Doctor dating a patient ethics
Consolidated Statutes and Regulations Consolidated Statutes Consolidated Regulations Annual Statutes and Regulations Annual Statutes Annual Regulations Additional information Québec Official Publisher What’s new?Policy Number:#2-17 Policy Category: Practice Under Review: No Approved by Council: February 2000 Publication Date: Dialogue, Issue 2, 2017 Reviewed and Updated: June 2008, May 2017 College Contact: Physician Advisory Service Downloadable Version(s): Ending the Physician-Patient Relationship | Comment mettre fin à la relation médecin-patient An effective physician-patient relationship is essential for the provision of quality medical care, and it forms the foundation of the practice of medicine.This relationship is built upon mutual trust and respect between the physician and the patient.Where these qualities are absent or have been undermined, the provision of quality care may be compromised.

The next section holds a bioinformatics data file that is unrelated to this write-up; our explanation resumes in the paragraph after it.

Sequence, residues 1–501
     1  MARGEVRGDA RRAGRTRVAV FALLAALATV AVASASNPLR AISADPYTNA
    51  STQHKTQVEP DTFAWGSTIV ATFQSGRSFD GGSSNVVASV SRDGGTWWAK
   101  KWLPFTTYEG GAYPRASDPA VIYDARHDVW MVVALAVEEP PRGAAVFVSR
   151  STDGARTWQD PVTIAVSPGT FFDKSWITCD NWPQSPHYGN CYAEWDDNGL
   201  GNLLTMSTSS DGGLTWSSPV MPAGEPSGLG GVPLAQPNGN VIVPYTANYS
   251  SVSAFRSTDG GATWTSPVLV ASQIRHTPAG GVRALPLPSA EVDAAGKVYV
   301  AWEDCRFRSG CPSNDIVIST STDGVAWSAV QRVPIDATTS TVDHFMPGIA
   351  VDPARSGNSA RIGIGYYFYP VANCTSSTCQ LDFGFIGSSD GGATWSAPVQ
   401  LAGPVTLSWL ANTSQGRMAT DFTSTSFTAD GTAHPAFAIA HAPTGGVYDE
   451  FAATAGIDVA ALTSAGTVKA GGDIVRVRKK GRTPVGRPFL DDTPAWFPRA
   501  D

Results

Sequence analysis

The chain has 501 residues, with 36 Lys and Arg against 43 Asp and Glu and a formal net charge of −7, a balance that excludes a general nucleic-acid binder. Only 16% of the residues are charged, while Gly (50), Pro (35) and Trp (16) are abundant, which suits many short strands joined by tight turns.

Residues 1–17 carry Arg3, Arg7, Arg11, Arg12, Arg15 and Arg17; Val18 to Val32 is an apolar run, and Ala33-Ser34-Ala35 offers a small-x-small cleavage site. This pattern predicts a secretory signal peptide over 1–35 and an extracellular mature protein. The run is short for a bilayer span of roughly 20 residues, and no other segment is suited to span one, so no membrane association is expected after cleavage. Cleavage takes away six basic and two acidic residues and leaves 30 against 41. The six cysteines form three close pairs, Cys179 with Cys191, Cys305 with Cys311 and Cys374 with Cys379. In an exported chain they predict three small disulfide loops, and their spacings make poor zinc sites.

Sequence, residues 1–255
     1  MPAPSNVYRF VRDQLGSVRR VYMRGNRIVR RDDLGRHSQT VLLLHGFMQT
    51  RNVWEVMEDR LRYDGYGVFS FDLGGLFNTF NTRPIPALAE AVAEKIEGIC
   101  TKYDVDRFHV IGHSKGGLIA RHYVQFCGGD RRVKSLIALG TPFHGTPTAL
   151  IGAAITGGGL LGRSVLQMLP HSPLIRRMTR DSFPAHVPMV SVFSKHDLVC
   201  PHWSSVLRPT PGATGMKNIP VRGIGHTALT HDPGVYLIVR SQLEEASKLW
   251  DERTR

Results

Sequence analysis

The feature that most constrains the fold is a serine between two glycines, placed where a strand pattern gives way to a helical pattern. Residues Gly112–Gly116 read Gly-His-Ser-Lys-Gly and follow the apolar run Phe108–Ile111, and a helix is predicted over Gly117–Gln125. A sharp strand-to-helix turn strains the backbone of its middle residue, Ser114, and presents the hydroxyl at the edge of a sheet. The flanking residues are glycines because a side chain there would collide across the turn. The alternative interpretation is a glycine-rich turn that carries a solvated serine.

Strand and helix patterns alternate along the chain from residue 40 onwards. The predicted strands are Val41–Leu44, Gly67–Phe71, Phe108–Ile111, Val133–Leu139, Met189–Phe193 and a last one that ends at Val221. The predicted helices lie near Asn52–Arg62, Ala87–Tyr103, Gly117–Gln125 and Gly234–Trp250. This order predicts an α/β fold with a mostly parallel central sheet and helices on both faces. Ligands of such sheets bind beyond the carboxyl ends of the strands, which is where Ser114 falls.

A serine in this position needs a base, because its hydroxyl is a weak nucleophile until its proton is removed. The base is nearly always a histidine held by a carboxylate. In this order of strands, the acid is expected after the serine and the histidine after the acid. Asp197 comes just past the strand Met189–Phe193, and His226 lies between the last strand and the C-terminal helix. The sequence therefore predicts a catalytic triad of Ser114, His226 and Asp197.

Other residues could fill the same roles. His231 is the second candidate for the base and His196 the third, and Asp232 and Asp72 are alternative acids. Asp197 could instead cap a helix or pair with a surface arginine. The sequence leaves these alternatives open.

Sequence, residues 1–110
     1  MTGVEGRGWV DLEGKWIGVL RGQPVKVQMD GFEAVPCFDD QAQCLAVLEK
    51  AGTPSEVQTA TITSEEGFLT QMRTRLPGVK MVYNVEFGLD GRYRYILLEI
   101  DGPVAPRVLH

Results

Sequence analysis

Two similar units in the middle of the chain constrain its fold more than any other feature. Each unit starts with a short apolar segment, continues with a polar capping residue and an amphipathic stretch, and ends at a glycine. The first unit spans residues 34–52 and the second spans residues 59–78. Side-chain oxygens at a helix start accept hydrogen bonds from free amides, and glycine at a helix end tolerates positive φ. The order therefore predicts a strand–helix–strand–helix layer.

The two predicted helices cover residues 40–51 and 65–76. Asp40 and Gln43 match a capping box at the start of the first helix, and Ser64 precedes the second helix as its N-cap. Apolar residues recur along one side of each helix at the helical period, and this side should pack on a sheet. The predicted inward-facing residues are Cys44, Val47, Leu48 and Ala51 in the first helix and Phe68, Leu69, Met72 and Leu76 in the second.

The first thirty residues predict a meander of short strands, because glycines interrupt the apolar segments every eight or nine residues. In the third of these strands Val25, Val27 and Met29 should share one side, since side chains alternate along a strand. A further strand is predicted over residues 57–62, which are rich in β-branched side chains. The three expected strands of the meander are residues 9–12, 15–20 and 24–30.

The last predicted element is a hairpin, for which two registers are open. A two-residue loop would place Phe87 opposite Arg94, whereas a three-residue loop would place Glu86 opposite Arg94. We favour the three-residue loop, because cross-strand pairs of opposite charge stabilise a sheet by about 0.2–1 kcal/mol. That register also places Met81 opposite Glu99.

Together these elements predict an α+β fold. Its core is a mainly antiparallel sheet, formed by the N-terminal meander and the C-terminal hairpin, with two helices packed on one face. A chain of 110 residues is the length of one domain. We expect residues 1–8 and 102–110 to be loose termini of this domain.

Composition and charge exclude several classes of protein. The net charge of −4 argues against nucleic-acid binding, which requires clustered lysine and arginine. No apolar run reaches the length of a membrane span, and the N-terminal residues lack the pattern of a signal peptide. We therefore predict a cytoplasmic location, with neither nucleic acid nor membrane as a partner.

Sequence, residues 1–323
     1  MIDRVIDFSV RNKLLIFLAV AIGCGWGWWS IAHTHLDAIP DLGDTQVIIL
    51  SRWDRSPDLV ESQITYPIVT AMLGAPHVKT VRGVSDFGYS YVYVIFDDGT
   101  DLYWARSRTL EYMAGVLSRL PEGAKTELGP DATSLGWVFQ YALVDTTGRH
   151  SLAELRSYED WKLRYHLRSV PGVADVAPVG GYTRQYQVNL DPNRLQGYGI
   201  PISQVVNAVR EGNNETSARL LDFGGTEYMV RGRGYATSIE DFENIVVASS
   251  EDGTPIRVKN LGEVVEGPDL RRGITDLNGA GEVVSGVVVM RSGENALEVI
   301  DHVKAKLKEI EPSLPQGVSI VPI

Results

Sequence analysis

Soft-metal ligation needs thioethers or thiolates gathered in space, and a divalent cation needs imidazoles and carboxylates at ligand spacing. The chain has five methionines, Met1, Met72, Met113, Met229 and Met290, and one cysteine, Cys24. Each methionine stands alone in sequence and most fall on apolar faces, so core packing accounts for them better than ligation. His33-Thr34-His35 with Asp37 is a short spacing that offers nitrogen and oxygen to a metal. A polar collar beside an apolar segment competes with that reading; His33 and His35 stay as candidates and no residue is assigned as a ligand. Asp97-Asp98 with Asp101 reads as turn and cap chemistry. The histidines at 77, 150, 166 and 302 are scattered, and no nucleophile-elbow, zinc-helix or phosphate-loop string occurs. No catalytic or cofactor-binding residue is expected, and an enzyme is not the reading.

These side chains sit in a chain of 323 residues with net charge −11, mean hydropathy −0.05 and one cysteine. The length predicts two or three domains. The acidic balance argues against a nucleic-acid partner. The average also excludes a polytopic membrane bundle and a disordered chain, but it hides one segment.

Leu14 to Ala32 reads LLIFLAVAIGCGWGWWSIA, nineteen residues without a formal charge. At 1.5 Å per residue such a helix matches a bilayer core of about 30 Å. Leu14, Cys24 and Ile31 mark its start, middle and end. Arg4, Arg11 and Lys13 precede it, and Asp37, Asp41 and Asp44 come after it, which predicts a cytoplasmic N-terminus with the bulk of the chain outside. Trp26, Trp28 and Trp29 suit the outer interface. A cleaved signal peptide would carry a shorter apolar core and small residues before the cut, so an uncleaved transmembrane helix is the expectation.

In every case, physicians must bear in mind that ending the physician-patient relationship may have significant consequences for the patient, for example, by limiting their access to care, or by reducing their level of trust in the medical profession.
These expectations apply equally to all physicians, regardless of specialty or area of practice.
For specialist physicians, the expectations of this policy apply only when ending the physician-patient relationship prior to reaching the normal or expected conclusion of the patient’s treatment or assessment (for example, as the result of a significant conflict with the patient).
In these cases, it may not be possible or safe to attempt to resolve the conflict with the patient directly, and physicians are under no obligation to engage with the patient prior to ending the physician-patient relationship.
While all physicians are expected to act first and foremost in the best interests of their patients, there may be times when physicians’ ethical and professional obligation to provide care to an individual patient is in conflict with their other important duties or obligations, such as those owed to their other patients, colleagues, or themselves.